Патент USA US3072486код для вставки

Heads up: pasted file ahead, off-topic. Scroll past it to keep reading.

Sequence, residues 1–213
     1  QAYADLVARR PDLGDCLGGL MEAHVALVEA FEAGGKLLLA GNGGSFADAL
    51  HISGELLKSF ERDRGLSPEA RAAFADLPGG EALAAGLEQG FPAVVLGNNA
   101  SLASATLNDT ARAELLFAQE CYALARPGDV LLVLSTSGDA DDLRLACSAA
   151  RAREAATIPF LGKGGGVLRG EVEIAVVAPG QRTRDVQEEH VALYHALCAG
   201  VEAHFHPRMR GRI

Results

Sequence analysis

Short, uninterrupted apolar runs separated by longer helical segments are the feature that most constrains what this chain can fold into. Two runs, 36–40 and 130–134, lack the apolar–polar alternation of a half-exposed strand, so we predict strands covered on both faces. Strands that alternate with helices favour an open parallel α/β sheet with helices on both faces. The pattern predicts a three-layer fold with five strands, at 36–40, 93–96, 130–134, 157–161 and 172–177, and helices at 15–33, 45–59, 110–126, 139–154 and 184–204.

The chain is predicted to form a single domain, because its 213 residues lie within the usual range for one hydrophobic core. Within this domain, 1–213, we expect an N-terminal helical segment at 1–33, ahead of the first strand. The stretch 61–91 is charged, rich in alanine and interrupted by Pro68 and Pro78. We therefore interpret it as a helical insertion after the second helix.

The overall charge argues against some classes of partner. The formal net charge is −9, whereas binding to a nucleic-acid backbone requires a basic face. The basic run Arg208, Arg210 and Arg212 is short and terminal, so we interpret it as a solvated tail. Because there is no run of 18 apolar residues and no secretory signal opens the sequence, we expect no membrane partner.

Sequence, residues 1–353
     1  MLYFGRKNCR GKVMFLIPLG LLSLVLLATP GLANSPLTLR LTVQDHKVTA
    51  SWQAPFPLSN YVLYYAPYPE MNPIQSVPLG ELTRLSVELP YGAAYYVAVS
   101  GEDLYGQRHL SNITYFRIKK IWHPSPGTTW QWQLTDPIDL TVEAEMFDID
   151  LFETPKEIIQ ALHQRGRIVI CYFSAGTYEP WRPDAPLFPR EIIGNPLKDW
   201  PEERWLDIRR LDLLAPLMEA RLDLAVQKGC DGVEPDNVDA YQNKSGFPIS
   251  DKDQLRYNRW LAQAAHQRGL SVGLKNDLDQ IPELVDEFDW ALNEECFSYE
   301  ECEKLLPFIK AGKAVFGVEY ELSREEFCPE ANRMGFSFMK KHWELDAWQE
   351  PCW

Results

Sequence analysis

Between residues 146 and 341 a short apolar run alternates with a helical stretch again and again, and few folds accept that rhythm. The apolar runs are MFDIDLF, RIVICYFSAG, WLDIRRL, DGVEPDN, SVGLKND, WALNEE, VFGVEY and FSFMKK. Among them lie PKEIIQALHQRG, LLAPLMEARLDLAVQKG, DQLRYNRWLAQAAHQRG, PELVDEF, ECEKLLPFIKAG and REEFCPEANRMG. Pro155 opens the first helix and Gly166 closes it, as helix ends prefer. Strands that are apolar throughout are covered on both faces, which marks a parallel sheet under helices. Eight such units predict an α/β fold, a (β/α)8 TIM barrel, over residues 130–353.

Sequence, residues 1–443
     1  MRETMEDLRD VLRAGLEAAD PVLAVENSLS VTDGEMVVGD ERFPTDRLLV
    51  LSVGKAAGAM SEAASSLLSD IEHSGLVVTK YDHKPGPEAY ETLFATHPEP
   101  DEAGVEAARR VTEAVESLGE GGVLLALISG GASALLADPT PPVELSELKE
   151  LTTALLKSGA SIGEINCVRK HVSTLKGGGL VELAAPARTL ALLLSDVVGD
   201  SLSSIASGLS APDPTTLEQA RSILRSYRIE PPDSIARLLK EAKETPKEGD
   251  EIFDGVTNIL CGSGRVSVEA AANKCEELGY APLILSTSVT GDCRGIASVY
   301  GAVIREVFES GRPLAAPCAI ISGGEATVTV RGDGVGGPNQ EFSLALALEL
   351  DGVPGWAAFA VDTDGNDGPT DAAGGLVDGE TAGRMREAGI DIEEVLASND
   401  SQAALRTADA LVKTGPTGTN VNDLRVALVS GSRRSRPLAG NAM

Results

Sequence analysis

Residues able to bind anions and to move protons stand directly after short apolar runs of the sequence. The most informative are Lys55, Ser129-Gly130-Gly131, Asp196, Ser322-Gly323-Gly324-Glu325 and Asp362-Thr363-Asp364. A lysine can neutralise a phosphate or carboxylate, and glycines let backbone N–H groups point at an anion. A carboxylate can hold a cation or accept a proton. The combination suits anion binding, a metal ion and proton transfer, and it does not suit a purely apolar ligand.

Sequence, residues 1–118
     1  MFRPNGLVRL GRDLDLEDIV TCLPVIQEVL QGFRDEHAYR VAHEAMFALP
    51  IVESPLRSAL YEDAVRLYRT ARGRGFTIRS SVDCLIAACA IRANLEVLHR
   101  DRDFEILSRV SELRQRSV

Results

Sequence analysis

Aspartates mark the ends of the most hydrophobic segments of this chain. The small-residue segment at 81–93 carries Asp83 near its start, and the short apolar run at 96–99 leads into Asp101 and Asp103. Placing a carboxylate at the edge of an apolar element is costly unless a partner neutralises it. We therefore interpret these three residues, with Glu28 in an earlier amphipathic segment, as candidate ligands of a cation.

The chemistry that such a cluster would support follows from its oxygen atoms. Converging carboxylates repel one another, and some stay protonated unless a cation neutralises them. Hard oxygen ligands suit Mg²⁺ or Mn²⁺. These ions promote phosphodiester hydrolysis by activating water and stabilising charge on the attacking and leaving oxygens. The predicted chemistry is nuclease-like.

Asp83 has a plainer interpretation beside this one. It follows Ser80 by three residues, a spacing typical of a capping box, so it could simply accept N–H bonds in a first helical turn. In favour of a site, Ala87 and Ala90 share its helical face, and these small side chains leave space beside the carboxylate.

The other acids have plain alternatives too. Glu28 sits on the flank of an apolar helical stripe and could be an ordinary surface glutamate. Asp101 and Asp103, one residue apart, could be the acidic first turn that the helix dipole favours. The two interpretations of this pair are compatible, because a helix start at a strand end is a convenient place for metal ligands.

United States Patent O?ice 1 3,072,476 Patented Jan. 8, 1963 2 3,072,476 METHOD OF ALLOYING William E. Knapp, Pittsburgh, and Wilbur T. Bolkcom, Allison Park, Pa., assignors to American Metallurgical Products Company, Pittsburgh, Pa., a corporation of Pennsylvania No Drawing. Original application Mar. 22, 1955, Ser. No. 496,058, now Patent No. 2,888,741, dated June 2, ature and its ability to disperse rapidly in molten metals thereby preventing high volatilization losses. The alloy of this invention has great utility as a brazing alloy since it melts at a temperature several hundred degrees below the lowest melting temperature of ordinary brazing alloys or “silver solders” but has ap proximately twice their tensile and shear strengths. Pres ently used brazing materials which include copper re 1959. Divided and this application Oct. 30, 1958, Ser quire temperatures in excess of 2100° F. for proper use. No. ‘770,589 10 Copper-zinc base brazing alloys generally require tem~ 6 Claims. (Cl. 75—129) peratures in excess of 1800° F. Neither of these well known brazing alloys is satisfactory for joining steel This invention relates to alloys and particularly to which has been heat-treated and tempered to give high an alloy of copper and rare earth elements having tensile strengths because of the high temperature re unique and surprising properties and advantages in metallurgical application. This application is a divisional 15 quired to make the joint. The alloy of our invention, on the other hand, may be used in making such joints with application of application Serial No. 496,058, ?led March out any deleterious effect on the tempered steel and with 22, 1955, now Patent No. 2,888,741, granted June 2, the production of a joint which is actually higher in ten 1959. Alloys of rare earth with ferrous and related metals are old and well known and have been used for a great variety of purposes. The addition of the rare earth elements to such materials has, however, been an ever present problem. Many types of rare earth addition materials have been proposed with varying degrees of sile and shear strength than one made by conventional brazing alloys and this despite the fact that the steels being joined have been tempered to give tensile strengths of 150,000 p.s.i. or higher. In such brazing or joining applications the preferred alloys are those falling with the limited range of success. The most generally used addition alloy for 25 Copper incorporating the rare earth elements into matrix metals such as iron has been the mixed rare earth alloy com Percent ___ Mischmetal _________________________ __ 13 to 17. Balance. monly called mischmetal and consisting of between In the alloy of this invention any of the rare earths about 40 to 60% cerium, about 20 to 35% lanthanum and the balance a mixture of the scarcer rare earth ele— 30 alone or in combinations diiiering from mischmetal ments such as praseodymium and neodymium. Misch— metal melts at approximately 1450° F. and requires some time in order to obtain satisfactory dispersion in a steel bath. may be substituted for the mischmetal without detracting from the eifectiveness of the alloy. For example cerium or lanthanum may be substituted alone or in combina tion for mischmetal in the alloys of this invention. While We have illustrated and described certain pre We have discovered a new alloy which may be used 35 ferred embodiments of our invention it will be under as an additive alloy in metallurgical purposes and which stood that it may be otherwise embodied within the scope has further surprising utility as a brazing alloy. of the following claims. The alloy of this invention may fall within the fol We claim: lowing broad range 40 1. A method of adding rare earth metals to a metal Copper _______________ _. About 8% to about 20%. Mischmetal ___________ .._ Balance. Preferably, however, the alloy of this invention is limited to the range of bath to obtain a high recovery and e?iciency comprising the steps of forming into lumps an alloy consisting essen tially of about 8 to 20% copper and the balance misch metal and adding the so formed lumps to the molten 45 metal bath just prior to solidi?cation. 2. A method of adding rare earth metals to a metal Copper _______________ _- About 13% to about 17%. Mischmetal ___________ _. Balance. In a preferred speci?c composition the alloy will be made up of essentially of about 13 to 17% copper and the balance 50 mischmetal and adding the so formed lumps to the Copper _______________ _. About 15%. Mischmetal ___________ .._. bath to obtain a high recovery and e?iciency compris ing the steps of forming into lumps an alloy consisting Balance. An alloy made according to this invention will melt molten metal bath just prior to solidi?cation. 3.A method of adding rare earth metals to a metal bath to obtain a high recovery and ef?ciency comprising the steps of forming into lumps an alloy consisting in the range of about 700° F. to 800° F. as compared 55 essentially of about 15% copper and the balance misch metal and adding the so formed lumps to the molten with melting temperatures of about 1450° F. for misch metal bath just prior to solidi?cation. metal and about 2000° F. for copper. 4. A method of adding rare earth metals to a metal Preferably the alloy of this invention is cast into small bath to obtain a high recovery and e?‘iciency comprising pellets weighing approximately 1 ounce apiece. In this form the alloy can be added to rapidly cooling masses 60 the steps of forming into lumps an alloy consisting es sentially of about 8 to 20% copper and the balance one of metal such as steel at the time of teeming into ingots. or more metals of the group consisting of cerium, lantha This rapidly melting, low temperature rare earth alloy num, praseodymium and neodymium and adding the so permits rare earth additions to be made to a great variety formed lumps to the molten metal bath just prior to of molten metals with unusually small losses. For example the improved workability obtained by an addi 65 solidi?cation. tion of two pounds per ton of standard mischmetal added to grade 310 steel can be obtained with the addi tion of one pound per ton or less of the present alloy. This surprising increase in effectiveness of our present 5. A method of adding rare earth metals to a metal bath to obtain a high recovery and ef?ciency compris ing the steps of forming into lumps an alloy consist- ‘ ing essentially of about 13 to 17% copper and the bal alloy appears to be the result of its low melting temper 70 ance one or more metals of the group consisting of g 3,072,476 3 cerium; lanthanum; praseodymium and neodymium and adding the so formed lumps to the molten metal bath just prior to solidi?cation. 6. A method of adding rare earth metals to a metal 5 bath to obtain a high recovery and e?iciency comprising the steps of forming int-o lumps an alloy consisting essen tiallyeofzabout 15% copper and the balance one'or more: metals of the group consisting of ' cerium, 1anthanum,. 4 References Cited in the ?le of this patent UNITED STATES PATENTS 1,680,161 1,927,819 2,481,599 Merica et a1. _________ __ Aug. 7, 1928 De Fries et al. _______ __ Sept. 26, 1933 Kinzel ______________ o- Sept. 13, 1949 OTHER REFERENCES Af-bau der Zweisto?iegierungen, page 468, edited by praseodymium and neodymium and adding'th'e so formed 10 Hansen,- published in 1936 -by Julius Springer, Berlin Germany. lumps to the molten metal bath just prior to solidi?cation.